by ADAM GRUENEWALD
Norwood Young America business owners and residents are expected to pay 13 percent more in the city’s portion of property taxes after the budget was accepted on Monday, Dec. 9.
During their last meeting of the year, council members approved the $1.7 million 2014 budget and corresponding levy.
Most of the change in taxes come from debt service for projects, according to City Administrator Steve Helget.
The levy for the general fund rises from $836,464 to $903,435, an increase of 7.96 percent, while the debt service levy, incorporating projects, increases from $637,798 to $762,945, a increase of 19.6 percent.
“Overall our general fund really isn’t increasing a whole lot,” said Helget. “It’s our debt that is driving it a bit as far as increases in the levy.”
In terms of the breakdown, Helget explained the property tax calculation formula shows that a $150,000 home would pay an estimated $840.57 in property taxes.
The biggest challenges in the budget remain the enterprise funds, specifically water and sewer, which are seeing deficits in both areas as projects are paid off. The total water budget is about $890,000, of which $400,000 is debt obligations. The sewer budget is about $660,000, of which $350,000 is debt.
“Operation-wise we’re doing very well,” said Helget, attributing success to staff. “We’ve done a lot of great projects and now we’re in the stage where we are paying for them… This is a point in time where we’re at right now. We’ve made a lot of improvements in the community and we’re paying for them. Maybe we’re carrying a lot of debt at this particular time, but this is just a moment in time. Five to 10 years from now, we will be looking at a different financial picture.”
On a positive note, Helget said the housing market is making a comeback in terms of sales and valuations, creating a larger tax base, and the new city sales tax exemption is expected to save the city $50,000 in 2014.
Helget added he expects an estimated $140,000 increase in state aid this upcoming year.
“Cities and counties haven’t had an increase in our local government aid since I believe about 2006,” he said, adding cuts or limited budgets have limited street maintenance and other projects. “We were all scaling back on our budgets. That meant putting off a lot of things that we are starting to kind of build back into our budget… There were things we put off because we couldn’t afford to do them before.”
In other news, council members heard an update from Brenda Schmitz and Laurie Hilgers on the Peace Village housing project, now officially named The Haven at Peace Village.
Requesting city assistance with the project through the creation of a 15-year tax increment financing district, they gave an update on the $6.6 million facility, which adds 37 units.
Peace Village is applying for a 40-year loan through U.S. Rural Development to pay for the project.
“We did it rather conservatively,” said Schmitz. “The numbers look really good. We kind of went from the back forward on what can we afford.”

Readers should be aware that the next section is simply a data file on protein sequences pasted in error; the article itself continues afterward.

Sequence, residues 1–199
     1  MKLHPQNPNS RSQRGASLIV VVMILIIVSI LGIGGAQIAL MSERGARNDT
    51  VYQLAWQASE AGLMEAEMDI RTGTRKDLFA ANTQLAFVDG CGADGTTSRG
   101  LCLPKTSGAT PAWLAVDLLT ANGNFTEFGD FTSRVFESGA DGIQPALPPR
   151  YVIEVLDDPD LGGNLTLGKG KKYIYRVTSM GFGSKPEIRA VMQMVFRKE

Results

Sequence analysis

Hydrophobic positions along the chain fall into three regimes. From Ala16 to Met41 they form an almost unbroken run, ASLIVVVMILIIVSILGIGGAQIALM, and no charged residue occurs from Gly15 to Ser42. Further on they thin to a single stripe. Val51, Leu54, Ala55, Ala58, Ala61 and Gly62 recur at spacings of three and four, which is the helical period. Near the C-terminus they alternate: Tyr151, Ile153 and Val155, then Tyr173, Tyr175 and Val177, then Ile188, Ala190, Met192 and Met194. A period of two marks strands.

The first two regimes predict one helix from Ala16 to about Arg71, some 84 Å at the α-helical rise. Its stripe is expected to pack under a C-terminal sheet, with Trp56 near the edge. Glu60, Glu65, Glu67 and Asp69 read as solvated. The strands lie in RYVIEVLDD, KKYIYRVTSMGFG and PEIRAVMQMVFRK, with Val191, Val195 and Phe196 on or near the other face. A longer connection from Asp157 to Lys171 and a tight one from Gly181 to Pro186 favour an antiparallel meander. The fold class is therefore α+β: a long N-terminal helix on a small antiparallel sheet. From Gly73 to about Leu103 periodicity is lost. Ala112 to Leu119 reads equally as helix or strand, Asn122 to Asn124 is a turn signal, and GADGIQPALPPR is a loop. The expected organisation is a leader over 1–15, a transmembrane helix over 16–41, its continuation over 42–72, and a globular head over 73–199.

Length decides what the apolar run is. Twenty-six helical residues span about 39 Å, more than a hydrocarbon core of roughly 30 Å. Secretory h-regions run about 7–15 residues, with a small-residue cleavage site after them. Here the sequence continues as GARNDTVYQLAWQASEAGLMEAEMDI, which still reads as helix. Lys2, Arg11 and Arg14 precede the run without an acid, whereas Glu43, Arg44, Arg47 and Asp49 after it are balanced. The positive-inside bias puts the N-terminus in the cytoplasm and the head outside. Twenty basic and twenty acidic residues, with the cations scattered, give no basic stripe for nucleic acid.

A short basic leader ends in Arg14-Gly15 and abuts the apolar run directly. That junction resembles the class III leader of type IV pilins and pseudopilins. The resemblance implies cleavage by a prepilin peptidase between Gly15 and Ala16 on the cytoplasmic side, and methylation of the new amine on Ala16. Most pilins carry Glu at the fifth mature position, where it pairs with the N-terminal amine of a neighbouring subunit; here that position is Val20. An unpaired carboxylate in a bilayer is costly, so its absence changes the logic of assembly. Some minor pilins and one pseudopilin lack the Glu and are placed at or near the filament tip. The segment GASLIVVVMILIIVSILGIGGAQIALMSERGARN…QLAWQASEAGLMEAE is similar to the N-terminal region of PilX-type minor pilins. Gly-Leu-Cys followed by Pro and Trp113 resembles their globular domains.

Still in the development process, the 2-story project would be located east of the existing buildings and including a link as well as additional parking. The project will incorporate 20 to 25 employees on staff, Hilgers said.
“It was key that we link the buildings,” said Hilgers. “We can share staff, share kitchens. And create that campus feel and make people feel comfortable.”
Preliminary floor plans call for a nine assisted living units and 10 memory care units as well as three flex care units on the first floor and 15 units on the second floor. Also incorporated into the project are multiple dining, family, activity and administration rooms.
“We thought that it was very important to build a flexible building depending on the market,” said Schmitz. “It’s a basic design, a lot like The Harbor. When you go into the Harbor it feels like home. There are not big open staircases and something elaborate. It’s very home-like and conservative.”
Schmitz said the project will better help the non-profit Peace Village Inc., which is run by a board of directors since it was established 36 years ago, continue to provide services for residents. The Harbor opened in October 2006.
“Our wait list are quite lengthy now,” said Hilgers. “Right now there are people in the community that could benefit from that memory care so we wish the doors would open tomorrow.”
Schmitz said the TIF district is built into the fund projections for the building, and it would ensure they continue.
“I believe that we’re providing needs for the people and it feels good to be part of the project,” she said.
Construction on the project could begin as soon as June 2014 with completion in April 2015.
Council members expressed their support of the project, but did not officially approve the TIF district or rezoning request from commercial to residential.
In other news, council members approved several changes to Ordinance 247 regarding off-street residential parking and junk vehicles, approved amendments to the 2013 budget, finalized Broadband Corp’s purchase of Cologne-ISP, continued a lease agreement with Loffler Companies for the city’s copy machine and approved a 2014 salary chart which incorporates cost of living and restructures some of the salary rates.
Contact Adam Gruenewald at firstname.lastname@example.org.